• Raymond Arnaud 1188–1205
  • Sperague (Hisparigus) 1205–1206
  • Adhémar du Châtel 1207–1209
  • Garcias de Lorte 1210–1217
  • Grimoard I. 1217–1240
  • Arnaud III. Roger 1241–1260
  • Guillaume III. d'Audiran 1260–1263
  • Bertrand de Miramont 1263–1286
  • Bertrand de Got[10] 1295–1299
  • Boso de Salignac 1299–1315[11]

1300–1500[edit]

  • Bernardus, O.P. (1316-1317)
  • Pierre Vital de Millario 1317–1318
  • Scot de Linières 1318–1325
  • Guillaume de Cun 1325–1336
  • Hugues de Castillon[12] 1336–1351
  • Bertrand de Cosnac 1352–1371[13] (Cardinal from 1371)
  • Guillaume d'Espagne 6 June 1371–1382
  • Amelius (Amelie) II. de Lautrec 1384–1390 (Cardinal from 1385)
  • Menaud de Barbazan 1390–1421
  • Pierre de Foix 7 August 1422–1451[14] (Cardinal from 1412 or 1413)[15]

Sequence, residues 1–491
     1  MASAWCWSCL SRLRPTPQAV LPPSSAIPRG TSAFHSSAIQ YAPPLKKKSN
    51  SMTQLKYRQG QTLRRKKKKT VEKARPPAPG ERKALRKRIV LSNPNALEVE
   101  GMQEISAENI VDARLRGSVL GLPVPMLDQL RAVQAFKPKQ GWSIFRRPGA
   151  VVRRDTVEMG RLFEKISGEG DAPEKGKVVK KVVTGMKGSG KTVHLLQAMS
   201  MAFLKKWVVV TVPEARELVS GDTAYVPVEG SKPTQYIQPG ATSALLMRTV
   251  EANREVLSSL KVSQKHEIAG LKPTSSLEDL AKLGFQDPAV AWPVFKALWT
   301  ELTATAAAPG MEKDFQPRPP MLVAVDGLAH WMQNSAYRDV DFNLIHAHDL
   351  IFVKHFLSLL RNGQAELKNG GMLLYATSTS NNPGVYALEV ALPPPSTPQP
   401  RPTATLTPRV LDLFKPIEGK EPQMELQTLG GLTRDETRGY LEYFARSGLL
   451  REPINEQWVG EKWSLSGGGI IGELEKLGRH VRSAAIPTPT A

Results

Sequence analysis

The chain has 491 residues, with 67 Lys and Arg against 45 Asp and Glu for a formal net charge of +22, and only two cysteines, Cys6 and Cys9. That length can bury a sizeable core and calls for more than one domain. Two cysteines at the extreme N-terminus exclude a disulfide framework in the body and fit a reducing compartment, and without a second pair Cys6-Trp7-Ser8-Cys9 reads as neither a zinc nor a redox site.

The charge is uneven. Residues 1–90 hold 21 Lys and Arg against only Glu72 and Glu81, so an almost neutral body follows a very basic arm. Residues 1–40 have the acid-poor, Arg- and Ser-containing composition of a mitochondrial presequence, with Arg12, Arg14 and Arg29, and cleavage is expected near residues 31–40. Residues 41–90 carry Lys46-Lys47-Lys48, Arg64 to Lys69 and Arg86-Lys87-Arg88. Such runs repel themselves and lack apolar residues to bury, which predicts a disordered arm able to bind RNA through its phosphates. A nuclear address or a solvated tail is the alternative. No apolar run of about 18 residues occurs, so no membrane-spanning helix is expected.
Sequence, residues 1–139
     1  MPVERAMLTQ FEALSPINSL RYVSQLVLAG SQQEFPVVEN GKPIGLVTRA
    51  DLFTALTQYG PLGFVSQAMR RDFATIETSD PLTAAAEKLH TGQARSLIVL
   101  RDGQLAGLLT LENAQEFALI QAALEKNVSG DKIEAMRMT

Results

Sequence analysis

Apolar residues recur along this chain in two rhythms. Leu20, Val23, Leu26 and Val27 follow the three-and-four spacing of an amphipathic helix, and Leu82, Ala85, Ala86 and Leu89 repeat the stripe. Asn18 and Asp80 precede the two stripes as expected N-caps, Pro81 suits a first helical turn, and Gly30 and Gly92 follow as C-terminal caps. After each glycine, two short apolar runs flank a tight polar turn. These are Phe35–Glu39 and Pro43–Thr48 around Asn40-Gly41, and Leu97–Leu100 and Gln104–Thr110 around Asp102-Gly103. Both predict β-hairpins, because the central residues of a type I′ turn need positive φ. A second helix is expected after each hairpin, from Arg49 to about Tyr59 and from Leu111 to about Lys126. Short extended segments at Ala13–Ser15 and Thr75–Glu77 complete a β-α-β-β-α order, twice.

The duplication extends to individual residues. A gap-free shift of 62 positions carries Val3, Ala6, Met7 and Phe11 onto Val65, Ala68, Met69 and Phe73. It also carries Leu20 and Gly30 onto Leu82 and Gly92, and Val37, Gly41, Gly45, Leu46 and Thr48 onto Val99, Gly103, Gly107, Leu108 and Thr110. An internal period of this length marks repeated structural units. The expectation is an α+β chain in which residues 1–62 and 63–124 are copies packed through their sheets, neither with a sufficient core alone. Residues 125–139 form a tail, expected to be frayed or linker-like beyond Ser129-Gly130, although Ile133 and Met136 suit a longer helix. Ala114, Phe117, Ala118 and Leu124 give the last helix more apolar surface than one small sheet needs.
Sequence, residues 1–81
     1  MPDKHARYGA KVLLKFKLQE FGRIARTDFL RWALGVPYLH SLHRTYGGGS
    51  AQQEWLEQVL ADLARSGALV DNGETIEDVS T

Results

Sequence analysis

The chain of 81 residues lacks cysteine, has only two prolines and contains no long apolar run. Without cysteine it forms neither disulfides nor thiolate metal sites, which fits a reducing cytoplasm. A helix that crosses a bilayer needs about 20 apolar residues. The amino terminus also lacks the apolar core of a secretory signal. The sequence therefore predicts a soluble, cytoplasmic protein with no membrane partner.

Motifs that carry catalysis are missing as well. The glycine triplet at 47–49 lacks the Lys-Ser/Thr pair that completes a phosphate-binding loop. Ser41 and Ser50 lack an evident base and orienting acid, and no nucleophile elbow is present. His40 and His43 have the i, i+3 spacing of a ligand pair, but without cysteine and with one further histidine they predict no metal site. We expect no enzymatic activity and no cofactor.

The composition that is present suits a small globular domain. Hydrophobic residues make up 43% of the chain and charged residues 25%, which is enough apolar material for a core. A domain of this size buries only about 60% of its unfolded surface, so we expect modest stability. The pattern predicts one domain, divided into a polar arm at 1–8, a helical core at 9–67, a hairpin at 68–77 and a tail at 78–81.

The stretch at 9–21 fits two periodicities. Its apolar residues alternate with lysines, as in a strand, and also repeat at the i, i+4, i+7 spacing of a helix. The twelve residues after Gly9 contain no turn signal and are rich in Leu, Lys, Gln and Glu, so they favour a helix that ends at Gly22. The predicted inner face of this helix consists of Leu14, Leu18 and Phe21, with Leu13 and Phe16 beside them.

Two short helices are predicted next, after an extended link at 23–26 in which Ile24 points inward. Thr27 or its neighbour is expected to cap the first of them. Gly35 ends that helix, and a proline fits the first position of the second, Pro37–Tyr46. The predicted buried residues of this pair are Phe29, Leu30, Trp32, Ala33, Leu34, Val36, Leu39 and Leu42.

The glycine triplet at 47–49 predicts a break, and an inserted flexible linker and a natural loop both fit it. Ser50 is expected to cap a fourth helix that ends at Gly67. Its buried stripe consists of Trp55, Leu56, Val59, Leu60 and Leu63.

• Arnaud-Raymond V. d'Espagne 1451–146?[16]
  • Jean de Foix 9 May 1466–1499[17]

From 1500[edit]

References[edit]

  1. ^ David M. Cheney, Catholic-Hierarchy: Archdiocese of Toulouse (-Saint Bertrand de Comminges-Rieux), retrieved: 2016-08-04.[self-published source]
  2. ^ J.D. Mansi (ed.), Sacrorum Conciliorum nova et amplissima collectio Tomus octavus (8) (Florence 1762), p. 337.
  3. ^ Epistles, Book VII, letter 6, § 7, to Bishop Basilius (ca. 472/473): propter quod discite cito catholici status valetudinem occultam, ut apertam festinetis adhibere medicinam. Burdigala, Petrogorii, Ruteni, Lemovices, Gabalitani, Helusani, Vasates, Convenae, Auscenses multosque iam maior numerus civitatum summis sacerdotibus ipsorum morte truncatus nec ullis deinceps episcopis in defunctorum officia suffectis...
  4. ^ Georges Goyau, "Toulouse," Catholic Encyclopedia, Volume XIV (New York 1912), p. 796.
  5. ^ Saint Africus (c. 540), who died in the Rouergue, is wrongly included among the bishops of Comminges.
  6. ^ Eubel, I, p. 21. Bertrand de Cosnac died on 17 June 1374.